ingenue

noun
in·​ge·​nue | \ ˈan-jə-ˌnü How to pronounce ingenue (audio) , ˈän-; ˈaⁿ-zhə-, ˈäⁿ- \
variants: or ingénue

Definition of ingenue

1 : a naive girl or young woman
2 : the stage role of an ingenue also : an actress playing such a role

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Did You Know?

Although Becky Sharp, the ambitious heroine of William Makepeace Thackeray's 1848 novel Vanity Fair, is not usually thought of as innocent or naïve, the first recorded use of "ingenue" in English does refer to her. Thackeray's use was attributive: "When attacked sometimes, Becky had a knack of adopting a demure ingenue air, under which she was most dangerous." The word ingenue typically refers to someone who is innocent to the ways of the world, so you probably won't be too surprised to learn that it shares an ancestor, Latin ingenuus, with "ingenuous," a word meaning "showing innocent or childlike simplicity and candidness." More directly, our "ingenue" comes from French ingénue, the feminine form of ingénu, meaning "ingenuous."

Examples of ingenue in a Sentence

In her latest film she plays the part of an ingenue.
Recent Examples on the Web Still, the archetype Viard portrayed was not the wanton woman, nor the ingenue. Barry Samaha, Harper's BAZAAR, "Chanel Creates Movie Magic with Its Spring 2021 Collection," 6 Oct. 2020 You were almost immediately pegged as this quirky ingenue. Anne Cohen, refinery29.com, "Whatever Happened To Shannyn Sossamon, Star Of A Knight’s Tale? Let Her Tell You," 10 Sep. 2020 When Ross landed Black-ish, a department head mistook her for an ingenue. Shirley Li, The Atlantic, "Tracee Ellis Ross Felt Lost in Hollywood. Then She Changed Course.," 30 Aug. 2020 There’s the uneasy dynamic between the two performers, fractious grande dame Fabienne (Catherine Deneuve) and Manon (Manon Clavel), the rising ingenue who reminds her of a long-dead rival. Lidija Haas, The New Republic, "Hirokazu Kore-eda’s Ingenious Families," 2 July 2020 But de Havilland was a star long before and after Gone With the Wind, an actress capable of portraying everything from starry-eyed ingenue to steely spinster. Maureen Lee Lenker, EW.com, "9 Olivia de Havilland movies to watch for her 104th birthday that aren’t ‘Gone with the Wind’," 1 July 2020 Lady Gaga starred alongside Cooper in the fourth remake of A Star is Born last year, playing a musical ingenue mentored by a fading rock star. Borys Kit, The Hollywood Reporter, "Lady Gaga, Ridley Scott Team for Movie on Gucci Grandson Murder," 1 Nov. 2019 Lady Gaga starred alongside Cooper in the fourth remake of A Star is Born last year, playing a musical ingenue mentored by a fading rock star. Borys Kit, Billboard, "Lady Gaga to Star in Movie About Gucci Grandson's Murder," 1 Nov. 2019 The result has been a pullback by venture capital firms that once showered start-up dollars on the likes of BuzzFeed, Vice, Vox, Business Insider and other digi-news ingenues. Paul Farhi, Washington Post, "Top editors leave HuffPost and BuzzFeed amid growing doubts about the future of digital news," 12 Mar. 2020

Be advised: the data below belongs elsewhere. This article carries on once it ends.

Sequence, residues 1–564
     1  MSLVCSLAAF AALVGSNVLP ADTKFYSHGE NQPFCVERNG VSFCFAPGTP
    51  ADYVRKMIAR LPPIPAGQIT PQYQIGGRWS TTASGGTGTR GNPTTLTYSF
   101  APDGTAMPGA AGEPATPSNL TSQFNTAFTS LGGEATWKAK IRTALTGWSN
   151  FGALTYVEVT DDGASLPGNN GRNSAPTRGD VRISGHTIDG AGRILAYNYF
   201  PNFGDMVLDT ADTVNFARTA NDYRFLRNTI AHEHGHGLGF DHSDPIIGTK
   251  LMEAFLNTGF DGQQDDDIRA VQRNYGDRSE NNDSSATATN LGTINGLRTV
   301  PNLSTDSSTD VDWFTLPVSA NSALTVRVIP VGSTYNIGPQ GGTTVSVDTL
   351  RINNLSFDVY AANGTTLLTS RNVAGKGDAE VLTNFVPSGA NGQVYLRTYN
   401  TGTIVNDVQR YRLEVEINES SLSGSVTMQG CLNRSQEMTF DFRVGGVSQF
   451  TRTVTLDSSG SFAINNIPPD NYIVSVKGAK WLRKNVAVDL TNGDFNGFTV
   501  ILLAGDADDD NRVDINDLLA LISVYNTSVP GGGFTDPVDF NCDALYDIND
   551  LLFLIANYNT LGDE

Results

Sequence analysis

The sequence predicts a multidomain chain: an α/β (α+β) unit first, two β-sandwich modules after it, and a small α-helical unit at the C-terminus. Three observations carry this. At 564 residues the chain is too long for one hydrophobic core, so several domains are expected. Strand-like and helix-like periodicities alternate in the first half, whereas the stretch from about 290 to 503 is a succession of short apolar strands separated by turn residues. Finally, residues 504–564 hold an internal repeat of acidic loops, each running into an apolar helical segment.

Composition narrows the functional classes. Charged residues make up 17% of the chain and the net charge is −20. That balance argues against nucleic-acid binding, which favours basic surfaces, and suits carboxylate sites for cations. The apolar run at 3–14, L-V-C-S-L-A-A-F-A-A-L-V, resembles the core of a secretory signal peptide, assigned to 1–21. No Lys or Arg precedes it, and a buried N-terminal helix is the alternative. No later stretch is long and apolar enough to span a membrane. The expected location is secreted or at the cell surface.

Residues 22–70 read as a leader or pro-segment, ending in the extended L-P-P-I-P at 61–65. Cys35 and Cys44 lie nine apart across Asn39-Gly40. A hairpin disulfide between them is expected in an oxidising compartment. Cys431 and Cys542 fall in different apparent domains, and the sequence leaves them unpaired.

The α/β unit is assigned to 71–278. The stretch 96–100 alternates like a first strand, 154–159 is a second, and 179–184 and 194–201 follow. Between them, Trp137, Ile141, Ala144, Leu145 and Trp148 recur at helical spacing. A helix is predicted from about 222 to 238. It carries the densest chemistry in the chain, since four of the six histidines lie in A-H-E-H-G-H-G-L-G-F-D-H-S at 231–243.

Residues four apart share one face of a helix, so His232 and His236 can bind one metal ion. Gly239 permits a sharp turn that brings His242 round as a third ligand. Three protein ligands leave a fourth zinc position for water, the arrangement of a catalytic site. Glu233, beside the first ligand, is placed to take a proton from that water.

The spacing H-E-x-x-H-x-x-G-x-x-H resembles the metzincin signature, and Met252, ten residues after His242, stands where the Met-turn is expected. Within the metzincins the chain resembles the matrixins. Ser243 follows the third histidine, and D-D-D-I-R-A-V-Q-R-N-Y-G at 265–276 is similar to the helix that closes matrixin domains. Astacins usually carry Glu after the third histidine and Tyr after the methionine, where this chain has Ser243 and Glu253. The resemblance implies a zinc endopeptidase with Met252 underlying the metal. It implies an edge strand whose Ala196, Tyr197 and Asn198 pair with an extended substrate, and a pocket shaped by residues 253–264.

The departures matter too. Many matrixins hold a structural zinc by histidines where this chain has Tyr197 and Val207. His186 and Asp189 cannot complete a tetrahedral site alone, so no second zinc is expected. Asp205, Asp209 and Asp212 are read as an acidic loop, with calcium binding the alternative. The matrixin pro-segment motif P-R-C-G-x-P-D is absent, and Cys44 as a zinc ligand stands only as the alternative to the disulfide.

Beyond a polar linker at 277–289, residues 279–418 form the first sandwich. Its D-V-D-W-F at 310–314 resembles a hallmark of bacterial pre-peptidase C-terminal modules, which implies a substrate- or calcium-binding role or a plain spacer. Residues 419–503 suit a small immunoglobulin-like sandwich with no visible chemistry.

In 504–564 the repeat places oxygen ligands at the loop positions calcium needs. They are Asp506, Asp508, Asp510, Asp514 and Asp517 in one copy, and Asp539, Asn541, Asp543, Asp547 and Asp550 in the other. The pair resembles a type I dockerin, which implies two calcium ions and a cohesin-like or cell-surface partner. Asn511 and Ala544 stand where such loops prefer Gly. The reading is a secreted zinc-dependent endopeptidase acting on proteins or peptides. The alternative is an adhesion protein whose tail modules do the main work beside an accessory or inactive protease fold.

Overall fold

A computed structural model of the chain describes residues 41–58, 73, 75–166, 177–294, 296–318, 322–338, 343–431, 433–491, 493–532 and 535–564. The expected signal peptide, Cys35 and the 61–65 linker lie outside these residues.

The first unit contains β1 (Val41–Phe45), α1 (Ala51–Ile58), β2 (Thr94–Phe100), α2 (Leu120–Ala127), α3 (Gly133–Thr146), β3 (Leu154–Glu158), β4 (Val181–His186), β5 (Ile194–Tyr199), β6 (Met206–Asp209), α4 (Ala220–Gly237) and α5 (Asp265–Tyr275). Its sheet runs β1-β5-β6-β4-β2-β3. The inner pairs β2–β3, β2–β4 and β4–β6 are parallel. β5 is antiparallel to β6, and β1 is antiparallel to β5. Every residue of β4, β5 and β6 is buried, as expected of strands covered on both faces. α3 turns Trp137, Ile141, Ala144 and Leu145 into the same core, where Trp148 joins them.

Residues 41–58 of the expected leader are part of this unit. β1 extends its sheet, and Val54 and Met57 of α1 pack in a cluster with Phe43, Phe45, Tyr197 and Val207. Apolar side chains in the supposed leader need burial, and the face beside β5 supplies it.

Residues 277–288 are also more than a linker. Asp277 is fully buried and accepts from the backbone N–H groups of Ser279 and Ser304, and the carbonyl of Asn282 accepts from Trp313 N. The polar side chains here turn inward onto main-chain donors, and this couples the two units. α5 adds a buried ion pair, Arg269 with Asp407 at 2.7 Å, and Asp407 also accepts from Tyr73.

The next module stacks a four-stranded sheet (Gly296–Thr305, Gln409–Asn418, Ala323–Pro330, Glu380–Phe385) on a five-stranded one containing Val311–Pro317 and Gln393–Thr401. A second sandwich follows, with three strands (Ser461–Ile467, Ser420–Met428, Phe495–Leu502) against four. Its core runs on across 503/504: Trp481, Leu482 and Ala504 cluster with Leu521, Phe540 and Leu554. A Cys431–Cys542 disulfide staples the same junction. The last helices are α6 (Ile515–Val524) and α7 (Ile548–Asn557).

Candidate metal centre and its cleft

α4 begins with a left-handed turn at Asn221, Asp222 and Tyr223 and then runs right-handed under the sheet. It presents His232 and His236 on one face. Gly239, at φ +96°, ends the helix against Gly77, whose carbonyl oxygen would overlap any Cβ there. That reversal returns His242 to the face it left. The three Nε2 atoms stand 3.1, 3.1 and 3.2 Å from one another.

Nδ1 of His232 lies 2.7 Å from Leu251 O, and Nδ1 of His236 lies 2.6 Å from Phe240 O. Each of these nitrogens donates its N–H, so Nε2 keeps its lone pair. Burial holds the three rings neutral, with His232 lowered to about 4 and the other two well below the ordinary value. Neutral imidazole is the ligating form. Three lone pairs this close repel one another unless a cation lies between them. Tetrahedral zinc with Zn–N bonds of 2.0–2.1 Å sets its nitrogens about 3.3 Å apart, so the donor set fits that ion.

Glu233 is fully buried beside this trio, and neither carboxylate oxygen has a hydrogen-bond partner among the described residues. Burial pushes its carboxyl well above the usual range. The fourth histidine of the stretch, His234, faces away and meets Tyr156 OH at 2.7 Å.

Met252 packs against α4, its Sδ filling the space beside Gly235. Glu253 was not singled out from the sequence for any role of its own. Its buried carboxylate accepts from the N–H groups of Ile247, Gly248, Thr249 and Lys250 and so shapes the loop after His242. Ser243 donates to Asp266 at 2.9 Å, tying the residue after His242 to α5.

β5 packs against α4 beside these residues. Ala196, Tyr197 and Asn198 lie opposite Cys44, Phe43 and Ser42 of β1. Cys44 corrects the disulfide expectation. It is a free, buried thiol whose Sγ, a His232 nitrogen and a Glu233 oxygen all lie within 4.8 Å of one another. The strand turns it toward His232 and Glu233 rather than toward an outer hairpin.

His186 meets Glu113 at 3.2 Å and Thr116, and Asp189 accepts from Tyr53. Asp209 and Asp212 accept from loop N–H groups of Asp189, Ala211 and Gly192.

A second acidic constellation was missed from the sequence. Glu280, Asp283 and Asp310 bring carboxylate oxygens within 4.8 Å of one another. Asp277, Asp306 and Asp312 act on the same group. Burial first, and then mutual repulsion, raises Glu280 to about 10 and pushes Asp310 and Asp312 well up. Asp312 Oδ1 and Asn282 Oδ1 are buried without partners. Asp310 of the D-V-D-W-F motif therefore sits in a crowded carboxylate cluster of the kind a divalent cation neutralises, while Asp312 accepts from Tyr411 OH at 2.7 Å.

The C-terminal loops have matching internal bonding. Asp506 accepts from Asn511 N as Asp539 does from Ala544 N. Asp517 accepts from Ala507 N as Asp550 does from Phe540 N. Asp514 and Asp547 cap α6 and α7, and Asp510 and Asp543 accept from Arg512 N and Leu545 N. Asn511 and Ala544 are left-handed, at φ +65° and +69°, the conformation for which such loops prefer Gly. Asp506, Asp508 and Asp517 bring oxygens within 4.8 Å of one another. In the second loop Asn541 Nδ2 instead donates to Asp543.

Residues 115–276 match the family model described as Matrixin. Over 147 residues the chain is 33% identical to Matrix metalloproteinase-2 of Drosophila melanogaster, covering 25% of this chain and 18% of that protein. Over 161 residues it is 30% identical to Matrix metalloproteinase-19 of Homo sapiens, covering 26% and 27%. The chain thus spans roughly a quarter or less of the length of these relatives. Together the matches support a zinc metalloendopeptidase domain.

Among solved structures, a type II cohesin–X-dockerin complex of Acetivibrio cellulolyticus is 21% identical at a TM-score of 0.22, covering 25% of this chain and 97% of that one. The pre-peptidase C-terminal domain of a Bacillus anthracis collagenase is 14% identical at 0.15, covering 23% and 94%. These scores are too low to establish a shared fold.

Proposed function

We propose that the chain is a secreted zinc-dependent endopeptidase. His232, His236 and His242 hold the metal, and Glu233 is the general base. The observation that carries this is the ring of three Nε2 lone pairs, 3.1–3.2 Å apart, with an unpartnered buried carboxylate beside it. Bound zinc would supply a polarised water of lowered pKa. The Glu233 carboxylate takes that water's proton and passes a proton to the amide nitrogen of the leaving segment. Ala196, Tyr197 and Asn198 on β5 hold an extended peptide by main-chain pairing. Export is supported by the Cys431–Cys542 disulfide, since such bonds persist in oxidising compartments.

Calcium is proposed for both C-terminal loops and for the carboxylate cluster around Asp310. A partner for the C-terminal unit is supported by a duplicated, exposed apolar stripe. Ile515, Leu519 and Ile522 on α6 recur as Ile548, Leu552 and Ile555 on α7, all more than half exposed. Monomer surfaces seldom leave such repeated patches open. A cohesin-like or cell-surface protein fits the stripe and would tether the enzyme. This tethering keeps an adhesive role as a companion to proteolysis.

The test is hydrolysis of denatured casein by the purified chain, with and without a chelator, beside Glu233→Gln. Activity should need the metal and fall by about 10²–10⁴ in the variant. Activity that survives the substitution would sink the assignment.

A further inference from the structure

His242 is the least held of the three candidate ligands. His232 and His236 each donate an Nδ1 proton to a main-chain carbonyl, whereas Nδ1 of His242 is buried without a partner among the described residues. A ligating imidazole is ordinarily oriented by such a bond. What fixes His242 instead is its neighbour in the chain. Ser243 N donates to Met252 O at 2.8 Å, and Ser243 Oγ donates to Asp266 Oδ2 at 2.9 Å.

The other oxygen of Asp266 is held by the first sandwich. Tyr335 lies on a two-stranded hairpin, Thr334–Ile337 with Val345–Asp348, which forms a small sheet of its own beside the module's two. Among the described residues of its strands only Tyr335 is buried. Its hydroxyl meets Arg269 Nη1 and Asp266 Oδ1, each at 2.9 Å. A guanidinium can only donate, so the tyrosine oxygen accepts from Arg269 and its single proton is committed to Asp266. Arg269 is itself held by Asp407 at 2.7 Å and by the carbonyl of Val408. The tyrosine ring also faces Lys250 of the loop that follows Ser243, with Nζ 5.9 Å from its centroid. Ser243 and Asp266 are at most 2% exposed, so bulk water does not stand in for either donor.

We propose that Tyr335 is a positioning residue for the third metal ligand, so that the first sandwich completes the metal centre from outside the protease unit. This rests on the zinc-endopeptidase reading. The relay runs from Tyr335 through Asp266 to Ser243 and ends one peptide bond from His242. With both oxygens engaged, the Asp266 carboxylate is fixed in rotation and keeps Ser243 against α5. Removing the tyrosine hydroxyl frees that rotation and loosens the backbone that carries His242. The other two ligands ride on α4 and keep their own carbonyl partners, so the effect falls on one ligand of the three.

These example sentences are selected automatically from various online news sources to reflect current usage of the word 'ingenue.' Views expressed in the examples do not represent the opinion of Merriam-Webster or its editors. Send us feedback.

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First Known Use of ingenue

1839, in the meaning defined at sense 2

History and Etymology for ingenue

French ingénue, feminine of ingénu ingenuous, from Latin ingenuus

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The first known use of ingenue was in 1839

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Last Updated

20 Oct 2020

Cite this Entry

“Ingenue.” Merriam-Webster.com Dictionary, Merriam-Webster, https://www.merriam-webster.com/dictionary/ingenue. Accessed 26 Oct. 2020.

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More Definitions for ingenue

ingenue

noun
How to pronounce ingenue (audio)

English Language Learners Definition of ingenue

: an innocent girl or young woman

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